I turned away again.

Buy Links:

About the Author:

Laura Nowlin holds a B.A. in English with an emphasis in Creative Writing from Missouri State University. When she isn’t at home agonizing over her own novels, Laura works at the public library, where the patrons give her plenty of inspiration for her writing. She lives in St. Louis with her musician husband, neurotic dog, and psychotic cat.



Wednesday, January 13, 2016

Cover Reveal: Right of First Refusal

Right of First Refusal

by Dahlia Adler

Release Date: March 15, 2015
On the lacrosse field, Cait Johanssen gets what she wants. Off the field is another story. Because what she wants is the school's hot new basketball student-coach, Lawrence Mason, who also happens to be the guy who broke her heart in sports camp two years earlier.

But it's Cait's new roommate who's got him.

Cait and Mase agree it's best to keep their past a secret, but she doesn't expect him to completely ignore their history...or how much it'll hurt when he does. So when a friend on the basketball team asks her to pose as his girlfriend for a night, Cait can't turn down the opportunity for distraction. (Okay, and a little spite.) But what starts as an evening of fun turns into a fake relationship with more lies than the usually drama-free Cait can handle, and it's only keeping her from the one truth that's nagged at her for years: Why did Mase cut her out of his life to begin with?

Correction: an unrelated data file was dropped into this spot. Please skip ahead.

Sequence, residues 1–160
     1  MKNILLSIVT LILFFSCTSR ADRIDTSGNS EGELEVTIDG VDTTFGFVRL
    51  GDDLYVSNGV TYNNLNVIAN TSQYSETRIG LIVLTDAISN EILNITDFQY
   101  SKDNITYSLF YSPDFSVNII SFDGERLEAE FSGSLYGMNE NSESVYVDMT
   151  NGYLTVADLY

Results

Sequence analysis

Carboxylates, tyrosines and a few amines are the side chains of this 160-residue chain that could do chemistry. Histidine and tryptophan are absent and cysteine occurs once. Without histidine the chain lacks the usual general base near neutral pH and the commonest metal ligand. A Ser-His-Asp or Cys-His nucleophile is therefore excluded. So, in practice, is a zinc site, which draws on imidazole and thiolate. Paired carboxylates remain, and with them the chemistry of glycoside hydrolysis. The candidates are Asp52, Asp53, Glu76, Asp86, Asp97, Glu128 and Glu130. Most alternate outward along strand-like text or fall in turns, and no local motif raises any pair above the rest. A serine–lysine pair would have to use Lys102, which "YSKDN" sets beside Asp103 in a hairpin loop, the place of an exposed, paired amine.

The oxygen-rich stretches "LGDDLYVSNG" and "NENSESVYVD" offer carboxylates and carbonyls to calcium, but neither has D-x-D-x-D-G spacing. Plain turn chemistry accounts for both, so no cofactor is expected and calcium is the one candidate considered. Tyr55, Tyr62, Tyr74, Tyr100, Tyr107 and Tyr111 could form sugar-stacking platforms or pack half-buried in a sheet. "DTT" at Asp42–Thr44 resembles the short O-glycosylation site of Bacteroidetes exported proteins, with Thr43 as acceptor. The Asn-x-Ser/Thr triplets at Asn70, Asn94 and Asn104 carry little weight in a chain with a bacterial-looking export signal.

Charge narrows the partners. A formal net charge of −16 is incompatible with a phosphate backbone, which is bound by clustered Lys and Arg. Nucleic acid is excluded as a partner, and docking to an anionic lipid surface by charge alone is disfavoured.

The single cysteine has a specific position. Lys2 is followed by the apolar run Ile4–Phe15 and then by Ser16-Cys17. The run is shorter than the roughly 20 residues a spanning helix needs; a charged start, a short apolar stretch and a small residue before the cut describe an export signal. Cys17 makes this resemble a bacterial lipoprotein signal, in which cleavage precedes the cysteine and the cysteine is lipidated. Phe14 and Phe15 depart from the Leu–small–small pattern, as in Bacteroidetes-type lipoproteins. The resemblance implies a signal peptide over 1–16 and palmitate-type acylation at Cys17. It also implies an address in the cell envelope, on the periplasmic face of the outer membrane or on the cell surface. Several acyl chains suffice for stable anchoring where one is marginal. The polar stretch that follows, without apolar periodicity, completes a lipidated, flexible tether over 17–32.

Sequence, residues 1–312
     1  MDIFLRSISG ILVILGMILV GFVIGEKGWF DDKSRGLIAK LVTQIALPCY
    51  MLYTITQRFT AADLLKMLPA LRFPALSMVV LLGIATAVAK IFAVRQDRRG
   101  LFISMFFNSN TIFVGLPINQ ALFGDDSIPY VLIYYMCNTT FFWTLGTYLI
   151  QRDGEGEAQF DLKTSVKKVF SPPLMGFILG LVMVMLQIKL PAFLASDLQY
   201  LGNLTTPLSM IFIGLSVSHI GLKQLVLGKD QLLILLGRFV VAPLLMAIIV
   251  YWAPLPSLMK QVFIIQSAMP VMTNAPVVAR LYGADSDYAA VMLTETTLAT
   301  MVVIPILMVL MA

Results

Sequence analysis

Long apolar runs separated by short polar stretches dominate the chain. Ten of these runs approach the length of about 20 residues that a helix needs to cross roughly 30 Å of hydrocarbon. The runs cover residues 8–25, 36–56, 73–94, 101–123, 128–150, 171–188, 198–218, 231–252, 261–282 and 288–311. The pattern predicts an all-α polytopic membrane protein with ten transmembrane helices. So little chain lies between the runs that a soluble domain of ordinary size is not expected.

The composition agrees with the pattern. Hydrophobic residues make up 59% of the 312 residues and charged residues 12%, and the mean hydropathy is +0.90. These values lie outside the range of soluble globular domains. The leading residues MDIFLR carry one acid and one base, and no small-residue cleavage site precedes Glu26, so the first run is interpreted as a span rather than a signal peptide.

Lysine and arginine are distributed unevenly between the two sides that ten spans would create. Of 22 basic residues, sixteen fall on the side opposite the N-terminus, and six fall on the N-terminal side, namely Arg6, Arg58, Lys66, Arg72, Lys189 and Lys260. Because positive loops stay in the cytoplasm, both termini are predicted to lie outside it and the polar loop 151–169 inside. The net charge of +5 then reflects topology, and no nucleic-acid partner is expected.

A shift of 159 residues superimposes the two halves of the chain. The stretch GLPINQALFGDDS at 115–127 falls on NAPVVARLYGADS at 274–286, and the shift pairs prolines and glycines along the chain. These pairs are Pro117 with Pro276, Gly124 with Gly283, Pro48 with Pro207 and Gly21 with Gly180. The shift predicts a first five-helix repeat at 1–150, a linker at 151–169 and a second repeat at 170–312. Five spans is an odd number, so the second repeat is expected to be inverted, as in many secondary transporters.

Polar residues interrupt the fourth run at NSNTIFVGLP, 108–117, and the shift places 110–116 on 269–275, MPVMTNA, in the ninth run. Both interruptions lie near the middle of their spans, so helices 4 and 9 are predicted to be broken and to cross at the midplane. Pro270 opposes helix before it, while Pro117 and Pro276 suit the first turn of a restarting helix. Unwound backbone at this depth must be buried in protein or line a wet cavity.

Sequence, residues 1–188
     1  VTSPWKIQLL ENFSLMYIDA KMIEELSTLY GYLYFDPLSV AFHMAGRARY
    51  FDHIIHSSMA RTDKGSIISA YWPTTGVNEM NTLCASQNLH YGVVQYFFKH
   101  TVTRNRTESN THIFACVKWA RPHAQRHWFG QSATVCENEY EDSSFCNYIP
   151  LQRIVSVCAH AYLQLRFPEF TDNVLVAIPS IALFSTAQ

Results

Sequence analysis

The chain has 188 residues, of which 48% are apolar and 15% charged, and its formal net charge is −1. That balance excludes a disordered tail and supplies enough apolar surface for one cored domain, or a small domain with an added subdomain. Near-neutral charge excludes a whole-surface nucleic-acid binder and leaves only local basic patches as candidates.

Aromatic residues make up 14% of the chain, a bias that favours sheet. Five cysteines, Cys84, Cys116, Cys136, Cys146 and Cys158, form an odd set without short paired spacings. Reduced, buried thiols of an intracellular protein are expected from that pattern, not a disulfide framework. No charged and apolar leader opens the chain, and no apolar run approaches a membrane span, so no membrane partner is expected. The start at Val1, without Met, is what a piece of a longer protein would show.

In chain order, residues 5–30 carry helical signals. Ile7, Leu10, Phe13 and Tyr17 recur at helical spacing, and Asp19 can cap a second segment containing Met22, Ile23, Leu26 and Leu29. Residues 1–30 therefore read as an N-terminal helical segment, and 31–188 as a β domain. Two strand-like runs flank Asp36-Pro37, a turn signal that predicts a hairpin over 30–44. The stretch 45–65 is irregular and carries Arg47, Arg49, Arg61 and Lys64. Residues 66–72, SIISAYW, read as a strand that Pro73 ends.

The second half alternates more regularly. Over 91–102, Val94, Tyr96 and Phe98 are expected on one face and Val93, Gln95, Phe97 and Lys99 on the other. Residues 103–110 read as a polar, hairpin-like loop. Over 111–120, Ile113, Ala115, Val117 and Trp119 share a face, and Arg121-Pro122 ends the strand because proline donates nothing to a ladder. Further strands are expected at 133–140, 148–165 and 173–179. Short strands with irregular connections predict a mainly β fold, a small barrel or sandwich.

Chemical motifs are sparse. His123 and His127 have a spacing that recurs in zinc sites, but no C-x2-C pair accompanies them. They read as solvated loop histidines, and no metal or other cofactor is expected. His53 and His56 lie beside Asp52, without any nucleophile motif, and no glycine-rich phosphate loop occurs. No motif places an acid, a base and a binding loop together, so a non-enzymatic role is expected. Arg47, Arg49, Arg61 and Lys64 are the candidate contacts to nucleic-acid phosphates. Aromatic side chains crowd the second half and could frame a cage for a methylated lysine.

And is it really too late to get him back?


Pre-Order Links

About the Author

Dahlia Adler is an Associate Editor of Mathematics by day, a blogger for B&N Teen Blog by night, and writes Contemporary YA and NA at every spare moment in between. She's the author of the Daylight Falls duology, Just Visiting, and the Radleigh University series, as well as over five billion tweets as @MissDahlELama. She lives in New York City with her husband and their overstuffed bookshelves.

Tuesday, January 12, 2016

Top Ten Tuesday (#6)